Here is a farmer who has twelve strey cows, all of which he has milked daily, in addition to his own, whose farm and crops have been protected from the hands of the despoiler, by the blood of the slain, and whose barn is filled with two hundred bleeding dying patriots. Does he give them milk when they ask for and plead for it ? Yes, at five cents a pint! Does he give them one loaf of bread when they have saved for him ten thousand ? Yes. At forty cents a loaf. Here is another who has been driven from his home by the invading hosts, who bought tobacco at eight cents a plug, and sells it to the wounded at fifteen. Bought letter paper at a cent per sheet, and taking advantage of their misfortune, sells it to the disabled at five-all this because they have unfortunately fell defended his home. They seem to be proud of the opportunity, and laugh at their cunning in counting their gains-it is not cunning, it is something less then duplicity.
This is sufficient to dampen the patriotism of an soldier, and woe, woe I say unto the soldier who falls among his friends, if these are our friends. They seem to be much affected when their homes are "pressed" and, the doleful lamentations fall upon your ears "I pity them," "I hope they won't abuse them." False Philanthropy ! false humanity ! Their horses and cattle awaken their sympathies, but for souls they have no commiseration. I, therefor in behalf of the fallen brave ask the government to confiscate their property for the public benefit, for giving aid and conform to the enemy. Any attorney at law, with good common sense ( and there are few without it ) could easily prove that such conduct toward the defenders of our State is comfort to the enemy.
Such patriotism can be bought and sold for a mess of pottage. It is not the patriotism of Paulding, William and Van Wart, the three militia men of Revoulationary fame. When offered a thousand gold guineas by Major Andre, a sum larger than they had ever seen, for his release, they spoke these holy words; "British gold cannot buy us !" Enshrined forever be they upon the records of all which is immortal in history ! Engarven be they upon every true American's heart ? Mothers, lisp them to your babes ! Fathers, teach them them to your sons ! Would to God that in letters of gold, viable to every eye, like the stars, they were written eternerally on the skies above us, that they might shame to recreant sons of patriot sires into a remembrance of the duty they owe to such fathers, to their country and their God ! But it seems that many of the professed patriots of to-day have no God but gold-no duty but what is paid for-no end to secure but their own aggrandizement.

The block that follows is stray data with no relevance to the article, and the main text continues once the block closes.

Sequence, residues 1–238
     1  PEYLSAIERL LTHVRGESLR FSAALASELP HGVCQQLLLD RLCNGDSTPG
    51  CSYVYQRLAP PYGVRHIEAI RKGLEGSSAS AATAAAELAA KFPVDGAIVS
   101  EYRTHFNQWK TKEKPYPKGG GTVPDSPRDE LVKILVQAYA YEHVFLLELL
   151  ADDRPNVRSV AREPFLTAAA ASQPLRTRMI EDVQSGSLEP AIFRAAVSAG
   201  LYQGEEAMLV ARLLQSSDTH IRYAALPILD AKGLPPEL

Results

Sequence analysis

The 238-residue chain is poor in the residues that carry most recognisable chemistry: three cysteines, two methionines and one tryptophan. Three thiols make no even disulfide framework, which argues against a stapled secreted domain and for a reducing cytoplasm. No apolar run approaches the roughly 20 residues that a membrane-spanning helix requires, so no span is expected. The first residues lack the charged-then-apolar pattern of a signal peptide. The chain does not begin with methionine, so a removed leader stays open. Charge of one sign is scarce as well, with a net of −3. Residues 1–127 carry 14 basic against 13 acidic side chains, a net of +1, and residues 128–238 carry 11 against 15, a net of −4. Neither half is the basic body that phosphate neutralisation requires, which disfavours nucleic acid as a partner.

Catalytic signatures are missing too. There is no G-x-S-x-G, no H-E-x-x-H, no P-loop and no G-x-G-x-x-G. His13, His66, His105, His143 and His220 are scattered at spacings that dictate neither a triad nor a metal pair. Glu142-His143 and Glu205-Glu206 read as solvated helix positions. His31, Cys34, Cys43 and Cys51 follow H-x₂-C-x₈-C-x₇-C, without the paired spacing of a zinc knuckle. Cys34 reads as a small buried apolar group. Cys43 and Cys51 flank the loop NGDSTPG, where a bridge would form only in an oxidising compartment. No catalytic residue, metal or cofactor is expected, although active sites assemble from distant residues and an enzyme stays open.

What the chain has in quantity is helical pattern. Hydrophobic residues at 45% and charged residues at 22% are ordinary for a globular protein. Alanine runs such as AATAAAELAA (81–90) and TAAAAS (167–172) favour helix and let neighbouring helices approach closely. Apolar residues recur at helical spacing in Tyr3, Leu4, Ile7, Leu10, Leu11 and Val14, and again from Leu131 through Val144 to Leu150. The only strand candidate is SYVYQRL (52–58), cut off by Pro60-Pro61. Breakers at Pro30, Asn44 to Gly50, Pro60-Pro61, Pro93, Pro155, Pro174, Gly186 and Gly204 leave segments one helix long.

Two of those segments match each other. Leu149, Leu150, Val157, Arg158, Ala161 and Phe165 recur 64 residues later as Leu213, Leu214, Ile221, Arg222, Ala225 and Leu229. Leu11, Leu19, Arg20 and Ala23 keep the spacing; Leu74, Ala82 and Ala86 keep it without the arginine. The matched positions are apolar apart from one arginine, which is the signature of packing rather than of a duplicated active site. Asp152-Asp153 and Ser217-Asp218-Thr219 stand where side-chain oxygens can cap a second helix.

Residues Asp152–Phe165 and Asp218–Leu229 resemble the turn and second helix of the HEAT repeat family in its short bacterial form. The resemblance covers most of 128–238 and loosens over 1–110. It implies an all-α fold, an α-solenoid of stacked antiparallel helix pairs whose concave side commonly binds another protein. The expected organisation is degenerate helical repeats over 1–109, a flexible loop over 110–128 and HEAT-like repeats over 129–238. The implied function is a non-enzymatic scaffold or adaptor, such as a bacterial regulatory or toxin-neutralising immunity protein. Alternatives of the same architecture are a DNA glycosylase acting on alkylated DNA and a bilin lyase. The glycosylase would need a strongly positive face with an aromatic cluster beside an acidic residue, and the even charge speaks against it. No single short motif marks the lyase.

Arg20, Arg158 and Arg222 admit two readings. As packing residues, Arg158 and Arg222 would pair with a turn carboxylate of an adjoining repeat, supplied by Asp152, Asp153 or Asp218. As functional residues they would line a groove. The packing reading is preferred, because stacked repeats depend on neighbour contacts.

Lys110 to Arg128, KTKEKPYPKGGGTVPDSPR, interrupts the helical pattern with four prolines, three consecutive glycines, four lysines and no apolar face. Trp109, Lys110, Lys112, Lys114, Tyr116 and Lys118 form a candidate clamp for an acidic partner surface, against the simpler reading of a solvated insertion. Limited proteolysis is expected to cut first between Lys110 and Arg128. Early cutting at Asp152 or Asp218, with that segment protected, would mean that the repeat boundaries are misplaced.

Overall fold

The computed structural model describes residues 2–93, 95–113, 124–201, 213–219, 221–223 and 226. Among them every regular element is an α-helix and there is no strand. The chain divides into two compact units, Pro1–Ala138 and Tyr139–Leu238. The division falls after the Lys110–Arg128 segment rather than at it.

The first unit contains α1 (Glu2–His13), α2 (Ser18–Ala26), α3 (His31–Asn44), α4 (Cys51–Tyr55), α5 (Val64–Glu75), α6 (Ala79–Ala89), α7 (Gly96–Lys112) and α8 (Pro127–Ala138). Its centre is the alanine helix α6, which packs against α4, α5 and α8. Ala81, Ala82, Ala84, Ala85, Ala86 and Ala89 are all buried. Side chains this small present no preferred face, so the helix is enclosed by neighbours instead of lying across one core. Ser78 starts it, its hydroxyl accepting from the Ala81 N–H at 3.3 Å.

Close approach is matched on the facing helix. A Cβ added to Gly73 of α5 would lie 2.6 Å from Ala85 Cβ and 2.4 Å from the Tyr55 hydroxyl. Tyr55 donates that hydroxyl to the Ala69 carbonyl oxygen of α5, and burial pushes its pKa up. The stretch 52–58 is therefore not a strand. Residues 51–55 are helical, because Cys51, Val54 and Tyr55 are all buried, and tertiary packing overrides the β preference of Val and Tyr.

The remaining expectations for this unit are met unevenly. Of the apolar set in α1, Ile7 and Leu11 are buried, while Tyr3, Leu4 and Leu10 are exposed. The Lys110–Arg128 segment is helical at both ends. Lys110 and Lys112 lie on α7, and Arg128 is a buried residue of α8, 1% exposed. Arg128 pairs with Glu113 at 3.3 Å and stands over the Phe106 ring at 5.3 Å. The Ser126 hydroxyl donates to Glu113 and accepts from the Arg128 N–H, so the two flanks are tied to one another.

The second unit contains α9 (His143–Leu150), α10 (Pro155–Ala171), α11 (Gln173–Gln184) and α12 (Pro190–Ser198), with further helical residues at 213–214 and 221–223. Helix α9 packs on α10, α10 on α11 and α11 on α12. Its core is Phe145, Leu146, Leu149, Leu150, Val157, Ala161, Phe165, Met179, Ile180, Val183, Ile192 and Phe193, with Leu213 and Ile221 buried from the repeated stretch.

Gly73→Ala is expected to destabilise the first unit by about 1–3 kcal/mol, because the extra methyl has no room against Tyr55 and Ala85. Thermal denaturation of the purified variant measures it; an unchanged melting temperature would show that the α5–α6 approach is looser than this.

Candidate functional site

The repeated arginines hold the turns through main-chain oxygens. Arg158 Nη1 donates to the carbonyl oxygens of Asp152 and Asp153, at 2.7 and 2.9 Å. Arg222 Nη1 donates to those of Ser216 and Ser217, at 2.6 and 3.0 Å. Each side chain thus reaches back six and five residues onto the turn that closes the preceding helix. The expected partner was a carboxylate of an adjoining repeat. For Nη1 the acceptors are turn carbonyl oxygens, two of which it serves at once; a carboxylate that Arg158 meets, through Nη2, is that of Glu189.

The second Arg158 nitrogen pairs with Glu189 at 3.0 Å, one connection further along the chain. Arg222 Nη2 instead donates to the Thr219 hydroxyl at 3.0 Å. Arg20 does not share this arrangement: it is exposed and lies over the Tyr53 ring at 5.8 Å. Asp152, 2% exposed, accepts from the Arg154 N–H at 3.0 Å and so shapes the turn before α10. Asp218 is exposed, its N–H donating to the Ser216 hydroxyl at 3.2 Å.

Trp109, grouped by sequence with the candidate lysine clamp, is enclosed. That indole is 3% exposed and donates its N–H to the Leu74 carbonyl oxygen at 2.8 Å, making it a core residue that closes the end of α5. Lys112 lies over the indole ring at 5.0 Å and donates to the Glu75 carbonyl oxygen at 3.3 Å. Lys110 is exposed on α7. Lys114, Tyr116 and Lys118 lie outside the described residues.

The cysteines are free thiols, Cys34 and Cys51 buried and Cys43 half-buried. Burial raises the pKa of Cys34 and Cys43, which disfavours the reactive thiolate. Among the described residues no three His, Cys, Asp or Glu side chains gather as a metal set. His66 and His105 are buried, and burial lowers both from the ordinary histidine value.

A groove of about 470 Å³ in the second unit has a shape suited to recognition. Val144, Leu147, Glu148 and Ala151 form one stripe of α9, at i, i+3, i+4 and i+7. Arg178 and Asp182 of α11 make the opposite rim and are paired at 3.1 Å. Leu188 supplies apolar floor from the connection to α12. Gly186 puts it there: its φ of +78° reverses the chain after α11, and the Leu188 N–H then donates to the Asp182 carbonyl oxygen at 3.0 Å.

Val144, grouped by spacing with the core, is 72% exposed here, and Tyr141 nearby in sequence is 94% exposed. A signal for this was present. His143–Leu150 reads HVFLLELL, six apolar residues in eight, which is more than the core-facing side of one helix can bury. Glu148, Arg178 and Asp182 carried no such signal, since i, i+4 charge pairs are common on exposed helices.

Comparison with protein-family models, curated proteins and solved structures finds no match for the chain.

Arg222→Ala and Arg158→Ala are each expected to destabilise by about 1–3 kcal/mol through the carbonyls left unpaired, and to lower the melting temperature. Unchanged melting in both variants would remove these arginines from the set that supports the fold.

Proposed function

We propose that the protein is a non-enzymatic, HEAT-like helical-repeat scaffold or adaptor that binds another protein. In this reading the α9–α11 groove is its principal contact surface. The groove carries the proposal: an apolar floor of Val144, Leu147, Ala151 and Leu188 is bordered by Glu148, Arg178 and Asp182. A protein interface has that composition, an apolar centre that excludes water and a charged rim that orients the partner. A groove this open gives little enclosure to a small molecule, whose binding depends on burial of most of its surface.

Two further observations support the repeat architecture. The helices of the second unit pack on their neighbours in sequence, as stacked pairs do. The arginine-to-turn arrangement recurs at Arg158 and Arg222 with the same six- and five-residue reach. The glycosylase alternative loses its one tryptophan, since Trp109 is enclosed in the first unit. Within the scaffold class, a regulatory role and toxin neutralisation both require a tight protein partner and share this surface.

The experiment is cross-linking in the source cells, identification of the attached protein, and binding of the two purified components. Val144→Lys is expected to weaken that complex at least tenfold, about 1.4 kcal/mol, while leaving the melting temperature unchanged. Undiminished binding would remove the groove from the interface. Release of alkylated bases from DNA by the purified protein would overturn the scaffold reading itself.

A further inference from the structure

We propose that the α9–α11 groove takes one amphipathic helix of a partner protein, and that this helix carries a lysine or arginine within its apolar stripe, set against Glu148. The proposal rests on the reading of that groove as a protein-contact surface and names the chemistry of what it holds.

But, thank God, there is still some patriotism of the past-that the love of God has not entirely dispelled the love of home and country. Scarley had the booming of cannon ceased until there appeared these angels of mercy, who with their smiling countenances and tender hands administered to the wants of the fallen brave. There could be seen coming from various directions, the ladies of York, bearing almost superhuman loads of dainties, with which to quench the parched lips and ghastly wounds of their brave defenders.
The wounded shall ever hold them in kind remembrance, and may the God of our fathers permit them to live many, many years in uninterrupted happiness and peace.
Many citizens of the opposite sex came long distances also and left nothing undone which could alleviate our distress. Such citizens are worthy the spartan heroism displayed by our troops upon the bloody field of Gettysburg.
These acts of sympathy we shall hold in kind rememberance, and shall be our incentive to nerve us for battle. No trails or dangers shall impede our onward move to victory, until peace, throogb the blessing of God, perches upon our standard and reigns triumphant.
The wounded are well cared for, and every attention possible is paid to them. They are in the best of spirits ; though gained and bleeding, I assure you that if you heard them singing " John Brown " and the like, without knowing their condition, you would conclude that they were at a marriage party. The cry is " if we die it is not in grief."
To give you an account of individual bravery would fill volumes ; and expecting ere long to sww you, I shall reserve them, for the occasion.
The Bucktails lost the heaviest of either Reserve regiments. The First lost few. The Second lost about one-fifth. This Division was kept under fire Fifty-two hours.